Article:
Brazilian police have carried out a series of raids and arrested 18 people as part of a corruption investigation into the state-run oil firm Petrobras.
More than 300 police and 50 tax officials were involved in the operation across five states, as well as in the capital Brasilia.
Police said 11 searches took place in major Brazilian companies, including some leading construction firms.
Petrobras is also being investigated by US authorities.
The company, which is majority-owned by the Brazilian government, is one of the largest oil businesses in the world. Its reach extends far beyond South America; Petrobras has interests in Asia, Africa and the Middle East.
In the past few months, Petrobras has been rocked by corruption allegations made by a former executive Paulo Roberto Costa, who is giving evidence to police as part of a plea bargain arrangement.
Costa, who was arrested in March, has alleged that the refinery division of the company operated a fund that diverted money to political parties - including the ruling Workers' Party.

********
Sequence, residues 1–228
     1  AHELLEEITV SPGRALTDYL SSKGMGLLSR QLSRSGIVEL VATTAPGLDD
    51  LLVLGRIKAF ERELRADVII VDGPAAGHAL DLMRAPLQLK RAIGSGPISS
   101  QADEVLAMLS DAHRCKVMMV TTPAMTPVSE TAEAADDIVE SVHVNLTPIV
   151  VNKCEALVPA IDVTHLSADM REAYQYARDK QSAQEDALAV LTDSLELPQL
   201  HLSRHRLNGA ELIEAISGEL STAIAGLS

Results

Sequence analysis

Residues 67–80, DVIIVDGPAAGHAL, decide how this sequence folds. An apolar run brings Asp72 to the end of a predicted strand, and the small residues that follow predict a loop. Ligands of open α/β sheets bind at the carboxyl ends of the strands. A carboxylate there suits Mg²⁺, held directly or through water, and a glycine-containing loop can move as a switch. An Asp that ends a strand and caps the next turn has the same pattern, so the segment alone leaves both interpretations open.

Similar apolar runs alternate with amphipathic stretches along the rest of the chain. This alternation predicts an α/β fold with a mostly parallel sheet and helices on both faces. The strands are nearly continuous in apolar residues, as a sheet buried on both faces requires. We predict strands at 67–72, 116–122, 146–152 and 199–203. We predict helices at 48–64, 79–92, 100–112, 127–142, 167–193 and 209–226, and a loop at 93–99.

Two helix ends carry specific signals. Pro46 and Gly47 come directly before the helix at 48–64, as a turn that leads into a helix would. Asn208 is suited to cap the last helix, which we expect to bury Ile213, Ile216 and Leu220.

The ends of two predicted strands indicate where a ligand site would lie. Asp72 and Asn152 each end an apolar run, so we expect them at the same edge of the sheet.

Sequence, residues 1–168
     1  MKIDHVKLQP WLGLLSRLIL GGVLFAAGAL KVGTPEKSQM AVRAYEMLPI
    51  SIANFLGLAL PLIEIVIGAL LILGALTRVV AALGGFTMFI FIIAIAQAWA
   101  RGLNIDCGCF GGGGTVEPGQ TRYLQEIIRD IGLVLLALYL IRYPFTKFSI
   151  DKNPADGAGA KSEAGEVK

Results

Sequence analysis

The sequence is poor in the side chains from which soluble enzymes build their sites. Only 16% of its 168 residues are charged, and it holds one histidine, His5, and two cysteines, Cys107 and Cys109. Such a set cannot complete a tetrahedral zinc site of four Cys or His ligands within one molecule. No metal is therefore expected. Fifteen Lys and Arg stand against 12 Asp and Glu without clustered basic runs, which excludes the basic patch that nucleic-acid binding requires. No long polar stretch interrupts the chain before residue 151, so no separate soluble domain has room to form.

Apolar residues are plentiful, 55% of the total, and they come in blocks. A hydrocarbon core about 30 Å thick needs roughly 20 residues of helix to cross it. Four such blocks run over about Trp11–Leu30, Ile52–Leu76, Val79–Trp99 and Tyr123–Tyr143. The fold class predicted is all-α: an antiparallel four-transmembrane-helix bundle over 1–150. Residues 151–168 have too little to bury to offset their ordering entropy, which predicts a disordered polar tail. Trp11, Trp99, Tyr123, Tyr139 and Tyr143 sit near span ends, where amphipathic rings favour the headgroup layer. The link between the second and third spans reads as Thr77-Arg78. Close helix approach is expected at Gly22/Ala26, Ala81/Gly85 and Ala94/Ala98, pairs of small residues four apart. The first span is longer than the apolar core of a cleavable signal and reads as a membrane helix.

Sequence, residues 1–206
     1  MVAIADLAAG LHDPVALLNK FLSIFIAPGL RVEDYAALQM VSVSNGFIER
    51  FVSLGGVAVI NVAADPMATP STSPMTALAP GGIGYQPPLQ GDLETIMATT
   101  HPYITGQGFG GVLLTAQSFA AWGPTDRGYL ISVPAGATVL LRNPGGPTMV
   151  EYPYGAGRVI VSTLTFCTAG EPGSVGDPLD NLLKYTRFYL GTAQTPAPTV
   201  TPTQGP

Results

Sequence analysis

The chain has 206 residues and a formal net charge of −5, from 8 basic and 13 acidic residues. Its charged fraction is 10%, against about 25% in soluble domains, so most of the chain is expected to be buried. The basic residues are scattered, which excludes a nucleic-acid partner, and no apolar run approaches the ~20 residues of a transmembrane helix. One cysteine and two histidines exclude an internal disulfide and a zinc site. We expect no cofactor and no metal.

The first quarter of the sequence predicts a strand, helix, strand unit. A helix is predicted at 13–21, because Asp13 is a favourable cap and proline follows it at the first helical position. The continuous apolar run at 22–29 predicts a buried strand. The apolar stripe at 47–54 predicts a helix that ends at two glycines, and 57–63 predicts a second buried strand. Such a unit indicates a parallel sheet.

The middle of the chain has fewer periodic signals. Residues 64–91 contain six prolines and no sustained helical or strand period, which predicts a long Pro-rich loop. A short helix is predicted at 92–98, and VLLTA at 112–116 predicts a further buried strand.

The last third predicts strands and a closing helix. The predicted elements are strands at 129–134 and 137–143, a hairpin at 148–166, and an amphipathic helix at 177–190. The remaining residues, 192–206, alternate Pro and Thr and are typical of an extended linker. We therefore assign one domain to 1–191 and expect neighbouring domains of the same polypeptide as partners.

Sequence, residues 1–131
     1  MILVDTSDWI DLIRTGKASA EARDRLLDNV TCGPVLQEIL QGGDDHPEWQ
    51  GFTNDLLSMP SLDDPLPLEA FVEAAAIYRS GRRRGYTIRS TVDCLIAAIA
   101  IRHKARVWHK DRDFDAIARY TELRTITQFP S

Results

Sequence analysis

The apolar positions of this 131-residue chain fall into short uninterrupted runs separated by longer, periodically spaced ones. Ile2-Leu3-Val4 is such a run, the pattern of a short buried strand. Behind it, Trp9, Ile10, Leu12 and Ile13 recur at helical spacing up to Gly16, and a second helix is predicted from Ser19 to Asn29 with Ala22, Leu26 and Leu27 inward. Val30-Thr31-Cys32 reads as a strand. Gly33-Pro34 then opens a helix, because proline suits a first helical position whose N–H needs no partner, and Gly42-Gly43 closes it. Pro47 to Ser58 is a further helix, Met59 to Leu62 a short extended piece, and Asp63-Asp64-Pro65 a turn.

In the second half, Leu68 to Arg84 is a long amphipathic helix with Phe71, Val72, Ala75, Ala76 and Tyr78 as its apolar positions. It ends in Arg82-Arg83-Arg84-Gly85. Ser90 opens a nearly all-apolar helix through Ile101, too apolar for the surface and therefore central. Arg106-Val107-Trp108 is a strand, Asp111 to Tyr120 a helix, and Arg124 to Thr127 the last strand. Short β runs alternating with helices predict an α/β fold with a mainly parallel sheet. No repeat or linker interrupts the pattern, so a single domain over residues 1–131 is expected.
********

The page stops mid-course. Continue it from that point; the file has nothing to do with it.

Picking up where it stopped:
The resulting probe, codenamed Operation "Car Wash", has led to raids in Parana, Sao Paulo, Rio de Janeiro, Minas Gerais and Pernambuco, as well as Brasilia.
Brazilian police say they have blocked assets worth more than $270m (£172m), belonging to 36 of those targeted in the latest stage of the investigation.
Another former director of Petrobras is reported to be among those detained.
Petrobras had previously announced it was delaying its third quarter results, which were due on Friday, due to the ongoing investigation.
The Brazilian media is reporting that the accountancy firm PriceWaterhouseCoopers has refused to sign off the results.
Analysis: Katy Watson, South America business reporter
As one Brazilian columnist wrote on Friday, Petrobras is going through the worst-ever period in its history.
Shares fell 5% on the news that the company would delay its third-quarter earnings amid the investigation and investors are worried about the implications for Petrobras - it is already the most indebted publicly listed oil company in the world.
But the latest developments are not good news for President Dilma Rousseff either. Ms Rousseff chaired Petrobras from 2003 until she ran for president in 2010. The problems surrounding Petrobras were a big talking point in last month's elections.
Ms Rousseff has acknowledged there was evidence of wrongdoing at the company and has even promised to try to reimburse Brazilians for the public money that was taken.
But how she goes about addressing the scandals will be watched carefully as she begins her second term.